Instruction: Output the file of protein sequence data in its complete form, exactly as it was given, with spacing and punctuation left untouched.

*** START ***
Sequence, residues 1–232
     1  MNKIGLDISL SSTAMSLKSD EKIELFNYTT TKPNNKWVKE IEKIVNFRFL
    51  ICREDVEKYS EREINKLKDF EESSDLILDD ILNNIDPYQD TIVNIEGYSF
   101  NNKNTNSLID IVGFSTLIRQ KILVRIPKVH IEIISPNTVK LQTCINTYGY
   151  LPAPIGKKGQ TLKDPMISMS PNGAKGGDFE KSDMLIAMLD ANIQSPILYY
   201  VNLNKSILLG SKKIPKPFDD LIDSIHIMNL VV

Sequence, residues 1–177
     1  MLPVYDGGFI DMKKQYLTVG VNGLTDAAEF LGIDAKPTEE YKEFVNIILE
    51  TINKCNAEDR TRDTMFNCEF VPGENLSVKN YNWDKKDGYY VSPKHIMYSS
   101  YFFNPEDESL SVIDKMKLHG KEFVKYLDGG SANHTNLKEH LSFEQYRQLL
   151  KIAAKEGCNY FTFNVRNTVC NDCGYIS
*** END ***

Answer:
Sequence, residues 1–232
     1  MNKIGLDISL SSTAMSLKSD EKIELFNYTT TKPNNKWVKE IEKIVNFRFL
    51  ICREDVEKYS EREINKLKDF EESSDLILDD ILNNIDPYQD TIVNIEGYSF
   101  NNKNTNSLID IVGFSTLIRQ KILVRIPKVH IEIISPNTVK LQTCINTYGY
   151  LPAPIGKKGQ TLKDPMISMS PNGAKGGDFE KSDMLIAMLD ANIQSPILYY
   201  VNLNKSILLG SKKIPKPFDD LIDSIHIMNL VV

Sequence, residues 1–177
     1  MLPVYDGGFI DMKKQYLTVG VNGLTDAAEF LGIDAKPTEE YKEFVNIILE
    51  TINKCNAEDR TRDTMFNCEF VPGENLSVKN YNWDKKDGYY VSPKHIMYSS
   101  YFFNPEDESL SVIDKMKLHG KEFVKYLDGG SANHTNLKEH LSFEQYRQLL
   151  KIAAKEGCNY FTFNVRNTVC NDCGYIS